Italian socialist elected head of European Parliament
Former journalist David-Maria Sassoli completes key element of EU ‘top jobs’ deal
Italian MEP David-Maria Sassoli, after being elected president of the European Parliament in Strasbourg on Wednesday. Photograph: Vincent Kessler/Reuters
MEPs meeting in Strasbourg have elected Italian socialist David-Maria Sassoli as parliament president, completing a key element of EU leaders’ complex “top jobs” deal.
EU leaders on Tuesday night urged MEPs to support the balanced package. As part of the leaders’ deal, Mr Sassoli is expected to share the five-year term with the centre-right EPP’s Manfred Weber, who was rejected as European Commission president at the Brussels summit in favour of German defence minister Ursula von der Leyen.
The latter’s ratification by MEPs is expected to take place in the week of July 15th.
MEPs from the main parliamentary blocs, the socialist S&D, liberal Renew Europe (RE), and the EPP, were under pressure from national leaders to play their part in seeing through the deal brokered after three days of talks in Brussels which balanced party, gender and geographical representation in the top institutional positions.
In addition to Ms Von der Leyen (EPP) as commission president, Belgium’s Charles Michel (RE) was nominated as EU Council president, France’s Christine Lagarde as president of the European Central Bank, while Spain’s Josep Borrell (S&D) will be high representative for foreign affairs and security.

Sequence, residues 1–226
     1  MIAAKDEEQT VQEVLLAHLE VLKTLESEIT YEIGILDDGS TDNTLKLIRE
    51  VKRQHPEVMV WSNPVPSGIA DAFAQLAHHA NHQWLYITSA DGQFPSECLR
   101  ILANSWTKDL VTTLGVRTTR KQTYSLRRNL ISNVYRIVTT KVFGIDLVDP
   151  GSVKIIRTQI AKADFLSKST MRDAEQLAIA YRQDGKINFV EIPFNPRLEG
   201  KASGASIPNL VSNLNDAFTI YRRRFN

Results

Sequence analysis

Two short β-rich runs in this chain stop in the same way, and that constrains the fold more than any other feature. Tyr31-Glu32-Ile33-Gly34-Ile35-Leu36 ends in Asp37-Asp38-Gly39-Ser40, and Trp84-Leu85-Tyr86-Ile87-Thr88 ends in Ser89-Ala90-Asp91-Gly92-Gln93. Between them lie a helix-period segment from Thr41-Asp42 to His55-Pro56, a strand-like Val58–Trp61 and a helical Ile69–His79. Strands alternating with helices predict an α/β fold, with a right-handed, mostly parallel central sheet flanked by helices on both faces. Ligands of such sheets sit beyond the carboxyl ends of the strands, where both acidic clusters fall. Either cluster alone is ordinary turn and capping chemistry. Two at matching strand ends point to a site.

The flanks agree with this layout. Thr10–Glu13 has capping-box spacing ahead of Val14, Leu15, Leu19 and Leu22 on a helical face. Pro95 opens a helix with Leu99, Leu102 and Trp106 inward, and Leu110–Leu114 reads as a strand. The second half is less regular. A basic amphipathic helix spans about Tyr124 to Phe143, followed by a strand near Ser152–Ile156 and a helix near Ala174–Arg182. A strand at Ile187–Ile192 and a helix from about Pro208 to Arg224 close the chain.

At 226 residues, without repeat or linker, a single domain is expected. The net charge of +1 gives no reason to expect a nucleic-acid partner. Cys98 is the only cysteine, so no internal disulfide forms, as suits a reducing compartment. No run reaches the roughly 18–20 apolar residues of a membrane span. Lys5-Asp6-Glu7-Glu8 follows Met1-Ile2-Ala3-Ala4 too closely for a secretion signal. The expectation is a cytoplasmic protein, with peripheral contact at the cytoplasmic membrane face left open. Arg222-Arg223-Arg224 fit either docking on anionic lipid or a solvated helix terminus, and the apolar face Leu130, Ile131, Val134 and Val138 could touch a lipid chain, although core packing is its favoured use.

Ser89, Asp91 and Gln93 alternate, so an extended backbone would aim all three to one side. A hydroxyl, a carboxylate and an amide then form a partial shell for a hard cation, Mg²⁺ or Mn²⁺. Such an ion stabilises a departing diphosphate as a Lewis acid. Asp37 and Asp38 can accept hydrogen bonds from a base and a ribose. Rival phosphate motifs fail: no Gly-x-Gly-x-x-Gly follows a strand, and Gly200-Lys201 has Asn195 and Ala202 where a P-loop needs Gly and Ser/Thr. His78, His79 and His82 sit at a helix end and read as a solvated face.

Mr Sassoli, who had backing from the EPP and RE, faced off against German Green MEP Ska Keller, whose grouping in parliament made significant gains in elections in May.
Spain’s Sira Rego ran on behalf of the United Left, while the European Conservatives and Reformists put forward Czech lawmaker Jan Zahradil.
Mr Sassoli won a clear majority of 345 votes in the second round of balloting. Mr Zahradil won 160 votes and Ms Keller 119.
In his remarks to MEPs before the vote, Mr Sassoli said he had decided to run because “Europe will be stronger only with a parliament which plays a more important role”.
The four top jobs whose nominations were proposed by the summit this week all go through different processes of ratification. The parliament gets to “elect” or reject by simple majority the EU Council’s nominee for commission presidency, Ms von der Leyen – if rejected, then the EU Council will have to try again.
Her nomination at the council was achieved by consensus, with only the Germans abstaining for reasons of internal coalition politics. To preserve unity, council president Donald Tusk did everything he could to avoid a vote, although the rules do provide for a decision by qualified majority vote.
The council presidency, Mr Michel, is in the gift of leaders and so does not need to be ratified.
The nomination of president of the ECB, Ms Lagarde, must go through a meeting of finance ministers (Ecofin) by unanimity, and then get the opinion of the board of the ECB.
The high representative for foreign policy, Mr Borrell, who attends council meetings, is also a member of the new commission and will face parliamentary hearings like all commission nominees. MEPs then vote on the whole commission as a block.
The parliament also elected 14 vice-presidents on Wednesday, including Ireland’s Mairéad McGuinness, who won the support of 618 MEPs and retained her status as first vice-president.